Roof replacement is never something someone looks forward to having to deal with. It’s an involved process, it’s far costlier than something like repairs and maintenance, and it can be harrowing for a business owner when the time comes to make choices for materials, processes, and contractors.
However, like with a home, your commercial roof is a critical part of your building, protecting it from the elements, preventing infestations, and keeping climate control running smoothly, and efficiently. Code enforcement is even stricter with a commercial roof than with a residential roof. If your roof is in bad shape, it can result in your business being shut down, which will cost you untold amounts of money for all the time you can’t properly operate.
As a business owner, your roof is also serious business. So, today, we’re going to look at what to expect during a commercial re-roof, depending on which material and process you choose to make avail of. You have fewer choices with commercial roofing than with residential, but you do have more than a couple of sophisticated choices at your disposal. That said, we’ll also touch on what the strength of each type is as well.
Sprayed Polyurethane Foam
This is probably one of the easiest commercial roofing types to install. It’s done in three simple stages. First, the primary roofing layer (new or already present), is vigorously cleaned and washed, to a pristine level of cleanliness.
Following this, professionals will spray the foam directly onto the surface. Depending on the size of the roof, and how many obstacles protrude from the deck, this can be a quick affair, or be rather lengthy albeit not tremendously difficult to perform.
This isn’t enough, though. A protective layer must also be applied, such as silicone or acrylic coating, to seal against water, and the sun. These materials are very proficient at deflecting UV and being hydrophobic.
This is ultimately a pretty simple process, though repairing this type of roof can be a significantly involved process as the materials are difficult to remove or remediate at times.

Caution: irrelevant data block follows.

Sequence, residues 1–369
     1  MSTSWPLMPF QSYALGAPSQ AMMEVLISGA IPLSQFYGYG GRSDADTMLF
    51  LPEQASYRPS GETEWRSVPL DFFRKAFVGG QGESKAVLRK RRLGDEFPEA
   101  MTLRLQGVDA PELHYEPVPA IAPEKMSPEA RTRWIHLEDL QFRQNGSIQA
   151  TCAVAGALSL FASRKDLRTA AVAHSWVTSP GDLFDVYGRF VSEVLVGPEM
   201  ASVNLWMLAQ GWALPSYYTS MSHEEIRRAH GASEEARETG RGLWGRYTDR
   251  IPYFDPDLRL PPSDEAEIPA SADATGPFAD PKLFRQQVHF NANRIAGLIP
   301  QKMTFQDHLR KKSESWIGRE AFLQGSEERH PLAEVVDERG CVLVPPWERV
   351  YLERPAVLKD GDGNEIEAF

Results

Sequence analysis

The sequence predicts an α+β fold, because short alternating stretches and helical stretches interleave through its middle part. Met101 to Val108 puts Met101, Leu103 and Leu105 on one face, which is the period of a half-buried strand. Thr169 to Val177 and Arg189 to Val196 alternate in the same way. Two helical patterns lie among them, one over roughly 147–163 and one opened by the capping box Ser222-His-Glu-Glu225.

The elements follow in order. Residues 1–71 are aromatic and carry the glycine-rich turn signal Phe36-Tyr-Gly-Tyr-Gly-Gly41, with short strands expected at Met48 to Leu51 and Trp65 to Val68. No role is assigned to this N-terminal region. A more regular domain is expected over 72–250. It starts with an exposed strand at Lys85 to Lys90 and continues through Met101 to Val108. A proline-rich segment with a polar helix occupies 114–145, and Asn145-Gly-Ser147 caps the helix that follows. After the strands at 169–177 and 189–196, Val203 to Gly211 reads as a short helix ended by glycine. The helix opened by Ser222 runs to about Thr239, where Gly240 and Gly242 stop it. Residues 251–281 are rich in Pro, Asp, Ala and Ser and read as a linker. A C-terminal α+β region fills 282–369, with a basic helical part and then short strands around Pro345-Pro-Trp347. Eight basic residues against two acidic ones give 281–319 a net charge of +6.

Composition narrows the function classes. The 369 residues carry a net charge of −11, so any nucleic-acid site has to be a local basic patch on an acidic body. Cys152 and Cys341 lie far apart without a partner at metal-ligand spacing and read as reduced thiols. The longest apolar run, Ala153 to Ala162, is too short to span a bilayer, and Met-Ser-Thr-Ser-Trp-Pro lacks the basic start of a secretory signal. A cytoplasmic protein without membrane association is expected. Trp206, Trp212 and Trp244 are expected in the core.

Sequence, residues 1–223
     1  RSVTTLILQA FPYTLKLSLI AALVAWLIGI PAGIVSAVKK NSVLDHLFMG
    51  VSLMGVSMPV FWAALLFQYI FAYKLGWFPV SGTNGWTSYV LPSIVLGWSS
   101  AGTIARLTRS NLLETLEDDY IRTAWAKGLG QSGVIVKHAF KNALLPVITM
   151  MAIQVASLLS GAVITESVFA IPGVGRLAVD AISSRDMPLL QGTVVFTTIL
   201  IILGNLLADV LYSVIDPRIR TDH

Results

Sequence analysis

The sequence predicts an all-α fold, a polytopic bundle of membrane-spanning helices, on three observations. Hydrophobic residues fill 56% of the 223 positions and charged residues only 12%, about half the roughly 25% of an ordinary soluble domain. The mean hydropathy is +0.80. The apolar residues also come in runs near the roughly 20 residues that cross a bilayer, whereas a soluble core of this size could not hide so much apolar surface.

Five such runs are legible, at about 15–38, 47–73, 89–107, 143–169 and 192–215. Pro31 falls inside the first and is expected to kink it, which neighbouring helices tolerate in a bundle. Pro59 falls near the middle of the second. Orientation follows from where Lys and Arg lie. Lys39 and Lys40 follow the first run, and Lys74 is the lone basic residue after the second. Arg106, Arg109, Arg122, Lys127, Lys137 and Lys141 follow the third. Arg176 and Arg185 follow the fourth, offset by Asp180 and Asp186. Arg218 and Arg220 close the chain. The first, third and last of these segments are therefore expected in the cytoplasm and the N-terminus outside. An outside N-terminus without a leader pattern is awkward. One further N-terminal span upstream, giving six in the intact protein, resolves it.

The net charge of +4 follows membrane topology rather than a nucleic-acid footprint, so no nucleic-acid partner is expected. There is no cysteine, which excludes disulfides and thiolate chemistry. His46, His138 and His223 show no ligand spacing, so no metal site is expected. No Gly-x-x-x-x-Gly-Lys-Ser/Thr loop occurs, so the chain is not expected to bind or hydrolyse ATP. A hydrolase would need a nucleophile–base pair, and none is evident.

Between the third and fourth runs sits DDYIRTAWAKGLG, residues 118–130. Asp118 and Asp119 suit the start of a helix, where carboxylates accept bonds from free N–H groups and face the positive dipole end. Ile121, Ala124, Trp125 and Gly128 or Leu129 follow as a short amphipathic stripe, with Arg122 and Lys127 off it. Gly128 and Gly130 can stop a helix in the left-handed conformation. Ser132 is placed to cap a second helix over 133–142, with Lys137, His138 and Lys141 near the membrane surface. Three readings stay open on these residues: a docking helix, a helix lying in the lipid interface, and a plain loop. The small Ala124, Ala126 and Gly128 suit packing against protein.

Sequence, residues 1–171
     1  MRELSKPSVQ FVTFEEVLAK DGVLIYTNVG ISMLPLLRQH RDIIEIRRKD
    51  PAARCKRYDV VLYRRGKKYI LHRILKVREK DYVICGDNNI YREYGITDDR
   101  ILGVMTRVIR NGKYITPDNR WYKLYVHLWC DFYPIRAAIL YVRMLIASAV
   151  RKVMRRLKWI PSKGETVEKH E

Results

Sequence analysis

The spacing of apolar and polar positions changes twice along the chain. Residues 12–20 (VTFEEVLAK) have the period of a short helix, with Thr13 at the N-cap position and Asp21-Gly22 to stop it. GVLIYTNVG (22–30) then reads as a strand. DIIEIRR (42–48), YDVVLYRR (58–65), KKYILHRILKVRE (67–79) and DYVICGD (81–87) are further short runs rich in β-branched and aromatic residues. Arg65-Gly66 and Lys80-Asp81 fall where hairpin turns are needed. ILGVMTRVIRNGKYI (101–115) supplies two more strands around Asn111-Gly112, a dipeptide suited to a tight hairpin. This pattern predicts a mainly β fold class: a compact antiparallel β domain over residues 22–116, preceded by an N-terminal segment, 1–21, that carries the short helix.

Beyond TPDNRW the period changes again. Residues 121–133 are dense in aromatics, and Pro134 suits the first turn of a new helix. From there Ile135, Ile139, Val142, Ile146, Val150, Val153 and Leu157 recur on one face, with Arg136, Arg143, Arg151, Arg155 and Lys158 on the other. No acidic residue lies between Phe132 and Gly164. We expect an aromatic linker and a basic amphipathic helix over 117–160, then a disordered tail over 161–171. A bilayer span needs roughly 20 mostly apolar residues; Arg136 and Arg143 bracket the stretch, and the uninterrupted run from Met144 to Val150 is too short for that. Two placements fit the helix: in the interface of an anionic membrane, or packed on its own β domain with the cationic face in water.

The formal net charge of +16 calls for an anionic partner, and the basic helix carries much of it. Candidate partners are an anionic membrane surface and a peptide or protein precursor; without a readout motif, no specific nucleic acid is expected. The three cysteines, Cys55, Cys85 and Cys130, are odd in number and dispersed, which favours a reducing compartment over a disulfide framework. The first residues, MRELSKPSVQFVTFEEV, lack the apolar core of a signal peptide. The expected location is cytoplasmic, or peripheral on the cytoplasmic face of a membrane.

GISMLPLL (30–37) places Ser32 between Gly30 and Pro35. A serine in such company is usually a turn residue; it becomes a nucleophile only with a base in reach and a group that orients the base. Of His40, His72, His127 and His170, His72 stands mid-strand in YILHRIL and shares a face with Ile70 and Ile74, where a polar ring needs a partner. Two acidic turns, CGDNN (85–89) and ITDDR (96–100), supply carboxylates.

This is the type of roofing material that most tend to envision when they think of commercial flat roofing. It’s also remarkably simple, as this material comes in rolls, like wallpaper or carpet. It’s unrolled and cut to cover the roofing deck. The more complex the protrusions, the more complex this shaping can be, of course.
It has to be adhered to the roof, obviously, and this can be done with various types of tape or glue, or heat application (this is the case with materials such as thermoplastics). This type of roofing’s biggest weakness is that, as time goes by, it can form seams where the strips of material meet.
As a result, an additional layer of protective material such as gravel or something similar is sometimes laid over this type of roof for additional durability and protection. An important thing to focus on is utilizing the same kind of adhesive across the entire roof, as mixing them results in weakening inconsistencies.
In many cases with commercial roofs, replacement from the ground up is avoided, in favor of restoration coatings. These are applied to existing roofs, to extend their lifespan and reduce the extent of decay and entropy a roof is suffering.
This is usually done in two stages, first to clean the roof thoroughly (which is not the same as stripping it down). After this, the spray is applied. This is a very thin layer, which results in a complete restoration as it dries.
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